And they wanted to make sure that they were going to be exact in what they said about what they were committing to do, how they were committing to do it, what they were asking the United States to do.
And, yes, it took some work, but we felt very strongly that they needed to be able to say this jointly.
And one of the -- one of the options was that we would say it for them. Well, that wouldn't have been a good way to start a negotiation. And so this joint statement was important, but of course it sometimes seems with everything in the Middle East it always comes down to the wire.
MCFADDEN: Let's talk specifically about some of the issues that have dogged the peace in the region. First in borders. Is it the U.S. position that pre-1967 borders exempting Israel from -- Jerusalem from that -- that pre-1967 borders are appropriate?
RICE: Well, our view has been that you're going to have to end the occupation that began in 1967, and that's going to require a negotiation on mutually agreed borders, and those mutually agreed borders, of course, will have a security component. States have to be secure. Also has to create a contiguous and viable Palestinian state that is able to provide for its people.
And so that's been our position on borders. But we want the parties to negotiate borders.
MCFADDEN: In terms of Jerusalem itself, the U.S. position?
RICE: Well, the most difficult issue, and, frankly, right now the less said the better, because this is going to be very hard for the parties. As you know, there's a lot at stake here. There is a lot that is not just territory in reality, but a lot that goes to the very core of these religions.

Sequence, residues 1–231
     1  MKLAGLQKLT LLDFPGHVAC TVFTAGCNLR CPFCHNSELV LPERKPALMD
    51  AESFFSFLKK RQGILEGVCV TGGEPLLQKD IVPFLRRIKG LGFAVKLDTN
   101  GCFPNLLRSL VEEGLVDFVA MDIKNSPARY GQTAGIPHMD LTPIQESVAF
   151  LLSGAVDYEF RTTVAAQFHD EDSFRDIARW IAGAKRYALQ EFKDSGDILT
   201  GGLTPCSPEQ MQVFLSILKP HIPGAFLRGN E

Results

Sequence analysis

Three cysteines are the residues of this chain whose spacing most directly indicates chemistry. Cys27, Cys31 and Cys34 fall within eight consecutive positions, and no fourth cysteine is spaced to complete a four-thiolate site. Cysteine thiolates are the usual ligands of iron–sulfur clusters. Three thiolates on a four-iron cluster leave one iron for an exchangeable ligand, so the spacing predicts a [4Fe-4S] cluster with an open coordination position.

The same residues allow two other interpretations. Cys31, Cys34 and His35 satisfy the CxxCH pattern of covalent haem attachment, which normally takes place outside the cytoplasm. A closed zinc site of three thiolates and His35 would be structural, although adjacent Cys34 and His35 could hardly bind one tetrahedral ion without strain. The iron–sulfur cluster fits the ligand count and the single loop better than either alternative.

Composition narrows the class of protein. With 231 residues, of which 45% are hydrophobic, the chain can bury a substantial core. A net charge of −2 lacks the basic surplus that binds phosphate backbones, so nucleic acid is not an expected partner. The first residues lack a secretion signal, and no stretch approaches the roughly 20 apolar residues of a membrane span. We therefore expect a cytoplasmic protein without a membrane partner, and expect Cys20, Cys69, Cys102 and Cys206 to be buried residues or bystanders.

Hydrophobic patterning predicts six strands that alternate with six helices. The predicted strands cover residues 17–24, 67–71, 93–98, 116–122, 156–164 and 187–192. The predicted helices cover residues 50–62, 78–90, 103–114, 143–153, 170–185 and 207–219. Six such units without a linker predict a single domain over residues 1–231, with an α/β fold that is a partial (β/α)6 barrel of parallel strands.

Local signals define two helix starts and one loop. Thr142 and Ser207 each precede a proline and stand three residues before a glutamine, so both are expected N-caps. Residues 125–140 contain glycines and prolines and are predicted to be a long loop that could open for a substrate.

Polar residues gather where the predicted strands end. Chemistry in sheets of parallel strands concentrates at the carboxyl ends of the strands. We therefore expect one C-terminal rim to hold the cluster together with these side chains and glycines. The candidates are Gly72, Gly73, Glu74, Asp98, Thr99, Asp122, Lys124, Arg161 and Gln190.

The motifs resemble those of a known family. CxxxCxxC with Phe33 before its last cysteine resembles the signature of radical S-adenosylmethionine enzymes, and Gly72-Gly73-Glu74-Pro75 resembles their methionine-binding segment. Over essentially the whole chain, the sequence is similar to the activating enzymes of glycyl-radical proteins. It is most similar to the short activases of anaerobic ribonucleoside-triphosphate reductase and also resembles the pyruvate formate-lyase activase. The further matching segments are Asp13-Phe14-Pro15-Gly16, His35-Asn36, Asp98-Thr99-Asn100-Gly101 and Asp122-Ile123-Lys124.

But it's important that Jerusalem, of course, is a city where all are able to feel that they can get to their sites and the like. But this is one that the less said the better. Let's let the parties deal with these very difficult issues.
MCFADDEN: But, realistically, without try to divide up monuments, the Palestinians are going to have to have a part of Jerusalem.
RICE: The parties will have to look at the whole range of issues, and the issues are interconnected. And I think that once they have had a chance to look at what will give the Palestinians a state that can provide for its people, but where it does not compromise the security of Israel, once they've been able to look at that question, we'll see how all of these pieces fit together.
MCFADDEN: In terms of the right of return, which is -- Saudi Arabia said it would not come to this meeting, I understand, unless the right of return was on the table.
The U.S. position has been, as I understand, that the right of return would be the right to return to the newly-created Palestinian state, and not to what will be the state of Israel.
Is that the U.S. position at this point?
RICE: The president has been very clear that this is also an issue that will need to be negotiated between the parties.
I don't think it's helpful at this point for the United States to try and pre-negotiate this agreement. They're going to have to make a lot of decisions about very hard things.